Biggest Cheaters in Gambling History
Written by Phoebe
Published date · July 14, 2022 | Last Updated · Dec. 14, 2022 | Read Time: 4 mins
Casino gambling is big business. Very big business, with the value of the global online and bricks & mortar gaming industry estimated at over £200billion. As with all areas of business, whenever there is big money involved, there will always be those who attempt to grab a slice of the action. Most do so fairly, whether by using their skills as a sports enthusiast or poker player or simply by chancing their luck. However, not all are so honest. Ever since the dawn of gambling, those individuals have dedicated themselves to cheating the system. A difficult task, but not impossible, as illustrated by the following scammers, swindles, and scandals.
Tommy Glen Carmichael
We begin with possibly the most successful slots cheater in gambling history. However, Tommy didn’t get off to the best of starts. His initial efforts – utilising a primitive slot rigging device known as the “top-bottom joint” – earned him little more than five years in a law enforcement facility. Undeterred, the flawed but intelligent Carmichael used his time in jail to devise his very own cheating device – “The Monkey Paw”. After that, Tommy was back in business. Until that is, the Vegas casinos upgraded their slot technology via the use of electronic sensors. Ever innovative, Carmichael purchased one of these new machines and set about concocting another cunning plan. Enter the “Light Wand”, Tommy’s signature contraption. The gambling kingpin ultimately scammed casinos out of millions before his final arrest in 1999. Seemingly a reformed character, Tommy currently works with the casinos in devising anti-cheating systems.
Before setting out on his immoral adventure, it’s fair to say that Richard Marcus was a little down on his luck. So down that he found himself homeless in Las Vegas. Getting back on his feet as a blackjack and baccarat dealer, he soon decided to take his chances on the other side of the felt. Playing the role of a gambling drunk, Richard would place two chips stacked on top of each other – a low-value chip on the top, and a much higher-value chip hidden underneath. Should the bet lose, our hero would grab his chips in disgust and throw them back down – using sleight of hand to replace the high-value chip with another of low denomination. But, of course, should the bet win, Richard would celebrate wildly, as the croupier discovered that what looked to be two $5 chips was, in fact, one $5 chip and one $500 chip. Such a simple scheme seemed destined to come unstuck, and sure enough, it did, although not before Marcus had racked up millions in winnings over 25 years. Now banned from all casinos, Richard currently consults for his former victims and even released a book about his experiences.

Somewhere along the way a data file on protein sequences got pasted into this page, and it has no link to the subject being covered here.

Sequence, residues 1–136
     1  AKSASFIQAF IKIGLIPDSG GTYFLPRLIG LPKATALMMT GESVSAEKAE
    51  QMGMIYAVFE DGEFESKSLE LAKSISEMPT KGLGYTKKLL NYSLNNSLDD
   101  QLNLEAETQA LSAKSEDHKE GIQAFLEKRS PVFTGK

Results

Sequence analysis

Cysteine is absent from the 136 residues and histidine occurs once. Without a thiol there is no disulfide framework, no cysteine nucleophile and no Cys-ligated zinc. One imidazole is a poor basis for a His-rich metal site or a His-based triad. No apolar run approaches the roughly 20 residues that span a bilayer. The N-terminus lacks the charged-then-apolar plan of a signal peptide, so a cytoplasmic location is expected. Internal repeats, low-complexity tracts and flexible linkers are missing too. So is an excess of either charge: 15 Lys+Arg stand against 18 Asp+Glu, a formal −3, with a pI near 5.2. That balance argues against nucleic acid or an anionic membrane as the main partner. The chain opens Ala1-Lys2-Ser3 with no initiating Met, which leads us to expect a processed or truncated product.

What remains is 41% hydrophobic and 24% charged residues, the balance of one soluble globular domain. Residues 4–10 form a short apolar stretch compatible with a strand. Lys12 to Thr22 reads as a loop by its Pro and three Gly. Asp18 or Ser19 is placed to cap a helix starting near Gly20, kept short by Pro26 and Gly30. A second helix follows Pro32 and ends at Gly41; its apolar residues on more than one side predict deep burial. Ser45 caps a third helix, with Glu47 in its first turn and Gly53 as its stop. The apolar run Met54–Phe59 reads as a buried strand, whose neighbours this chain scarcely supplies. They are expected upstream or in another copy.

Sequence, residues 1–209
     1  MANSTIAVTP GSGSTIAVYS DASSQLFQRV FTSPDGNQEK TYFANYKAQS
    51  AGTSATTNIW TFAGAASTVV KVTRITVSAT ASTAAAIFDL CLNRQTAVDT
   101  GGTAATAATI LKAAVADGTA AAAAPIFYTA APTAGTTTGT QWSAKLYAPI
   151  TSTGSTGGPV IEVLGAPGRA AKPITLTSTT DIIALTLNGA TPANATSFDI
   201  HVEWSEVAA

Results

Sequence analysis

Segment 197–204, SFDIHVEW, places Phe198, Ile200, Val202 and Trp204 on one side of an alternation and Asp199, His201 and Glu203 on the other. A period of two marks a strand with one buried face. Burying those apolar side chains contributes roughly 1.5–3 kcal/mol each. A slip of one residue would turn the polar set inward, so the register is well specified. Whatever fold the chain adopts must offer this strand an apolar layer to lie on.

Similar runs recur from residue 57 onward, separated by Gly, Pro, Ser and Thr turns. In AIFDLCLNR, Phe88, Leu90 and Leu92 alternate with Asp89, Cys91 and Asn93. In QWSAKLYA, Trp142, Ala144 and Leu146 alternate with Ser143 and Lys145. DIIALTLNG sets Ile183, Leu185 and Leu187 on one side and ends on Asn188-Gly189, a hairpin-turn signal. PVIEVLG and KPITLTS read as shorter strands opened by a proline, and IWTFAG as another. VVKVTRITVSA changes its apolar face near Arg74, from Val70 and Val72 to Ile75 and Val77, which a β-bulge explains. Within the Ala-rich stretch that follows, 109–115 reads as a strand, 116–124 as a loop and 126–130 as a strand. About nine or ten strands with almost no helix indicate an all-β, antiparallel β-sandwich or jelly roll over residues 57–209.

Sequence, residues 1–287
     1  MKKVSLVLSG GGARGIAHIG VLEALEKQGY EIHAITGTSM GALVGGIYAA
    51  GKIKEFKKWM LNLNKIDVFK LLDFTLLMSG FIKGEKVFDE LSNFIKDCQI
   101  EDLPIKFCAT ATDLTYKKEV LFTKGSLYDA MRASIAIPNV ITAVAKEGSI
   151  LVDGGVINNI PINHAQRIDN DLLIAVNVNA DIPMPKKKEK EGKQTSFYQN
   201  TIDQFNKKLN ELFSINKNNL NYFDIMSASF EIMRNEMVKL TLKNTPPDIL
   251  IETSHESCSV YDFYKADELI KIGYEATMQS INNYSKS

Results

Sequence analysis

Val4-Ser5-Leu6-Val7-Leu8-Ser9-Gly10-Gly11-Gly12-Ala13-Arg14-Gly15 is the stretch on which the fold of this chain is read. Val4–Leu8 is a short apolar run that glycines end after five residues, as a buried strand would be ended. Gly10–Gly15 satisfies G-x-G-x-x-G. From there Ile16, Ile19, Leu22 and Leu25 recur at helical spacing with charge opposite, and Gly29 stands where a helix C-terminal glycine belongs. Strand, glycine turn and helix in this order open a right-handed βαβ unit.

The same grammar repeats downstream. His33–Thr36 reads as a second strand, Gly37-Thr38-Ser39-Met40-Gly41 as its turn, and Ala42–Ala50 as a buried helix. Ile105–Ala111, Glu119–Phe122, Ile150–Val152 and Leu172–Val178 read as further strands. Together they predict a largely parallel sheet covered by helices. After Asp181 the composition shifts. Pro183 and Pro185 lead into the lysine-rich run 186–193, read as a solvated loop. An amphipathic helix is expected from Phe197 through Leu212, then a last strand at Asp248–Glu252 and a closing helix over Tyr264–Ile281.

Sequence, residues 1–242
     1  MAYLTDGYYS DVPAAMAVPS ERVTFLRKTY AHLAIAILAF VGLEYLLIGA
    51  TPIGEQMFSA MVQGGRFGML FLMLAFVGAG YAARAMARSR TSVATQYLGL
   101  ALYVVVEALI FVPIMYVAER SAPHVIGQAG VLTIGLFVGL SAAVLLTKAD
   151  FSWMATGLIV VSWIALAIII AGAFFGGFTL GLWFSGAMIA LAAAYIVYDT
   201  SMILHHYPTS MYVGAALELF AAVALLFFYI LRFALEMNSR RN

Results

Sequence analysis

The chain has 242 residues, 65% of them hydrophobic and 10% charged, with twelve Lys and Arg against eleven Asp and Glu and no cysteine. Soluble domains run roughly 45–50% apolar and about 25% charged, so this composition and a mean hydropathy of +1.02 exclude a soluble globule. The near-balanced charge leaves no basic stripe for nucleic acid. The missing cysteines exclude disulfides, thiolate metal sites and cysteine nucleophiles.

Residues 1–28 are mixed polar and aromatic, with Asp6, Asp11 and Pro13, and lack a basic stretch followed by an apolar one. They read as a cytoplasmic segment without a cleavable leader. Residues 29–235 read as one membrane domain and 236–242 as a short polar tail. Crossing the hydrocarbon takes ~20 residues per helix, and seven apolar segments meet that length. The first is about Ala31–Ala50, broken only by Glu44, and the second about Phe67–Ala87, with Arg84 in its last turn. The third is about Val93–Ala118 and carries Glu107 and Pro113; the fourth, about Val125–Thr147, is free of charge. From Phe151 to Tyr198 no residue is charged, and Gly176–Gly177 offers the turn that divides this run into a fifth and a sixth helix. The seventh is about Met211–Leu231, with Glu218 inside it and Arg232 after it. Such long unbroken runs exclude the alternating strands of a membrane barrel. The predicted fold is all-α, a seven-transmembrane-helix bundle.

What could be more random than a little white ball spinning around the roulette wheel? Surely an impossible code to crack. Not if you are Gonzalo Garcia-Pelayo. Based in Madrid, Garcia-Pelayo developed a theory that, rather than being completely random, imperfections in roulette wheel manufacturing would lead to certain numbers coming up more than others. Using computer analysis to record the results of thousands of spins on specific wheels, the Madrid native was confident enough in his findings to back them with real cash. Cash which his system spectacularly multiplied. Next stop, Vegas. Bagging a further $ 2 million in the gambling capital of the world, Garcia-Pelayo’s roulette career ended abruptly, courtesy of a wide-ranging casino ban. Found to have committed no crime when taking his case to the Supreme Court, the ban nevertheless still stands. A cheat, or a gambler who simply meticulously did his homework? You decide.
Ron Harris and Reid McNeal
Working as a computer programmer for the Nevada Gaming Company, the temptation to fix the odds in his favour proved too much for Ron Harris. Targeting the Keno machines at Bally’s, Ron devised an innovative programme whereby a specific series of coins and button presses would trigger the jackpot. Keen to avoid detection – as all good scammers are – Ron roped in Reid McNeal as an all too willing assistant. Harris perhaps should have hired a better actor! Suspicions were raised when McNeal displayed very little emotion when claiming the Keno jackpot prize money, prompting a thorough investigation. The investigation led back to Harris, who was handed a seven-year sentence for his insidious scheme.
MIT BlackJack Team
And last but not least, one of the most famous gambling teams of all time. Famous enough to inspire the 2008 Holywood movie, 21. The MIT system centred around having one or two small staking card counters at the same Blackjack table, dutifully placing their bets, and tracking the deck. Lurking in the background, however, was the team’s BIG player – often masquerading as a drunk or tourist. The moment the deck tilted strongly in the players’ favour, the big player would spring into action. Making a beeline to the table with a mountain of chips, this “stranger” would proceed to place astronomical bets before disappearing once again into the night with his winnings. What exactly became of the MIT blackjack team remains something of a mystery, although it is rumoured that the genius minds behind the operation simply drifted into other pursuits.
Cheaters Never Prosper…
Or so the old so saying goes. And whilst many on this list made a bold attempt at disproving that adage, in the end, their ventures were all brought to a halt. But, rest assured that the effort put into devising cheats and scams is more than matched by the casino security teams, helping to ensure a safe and secure environment for all.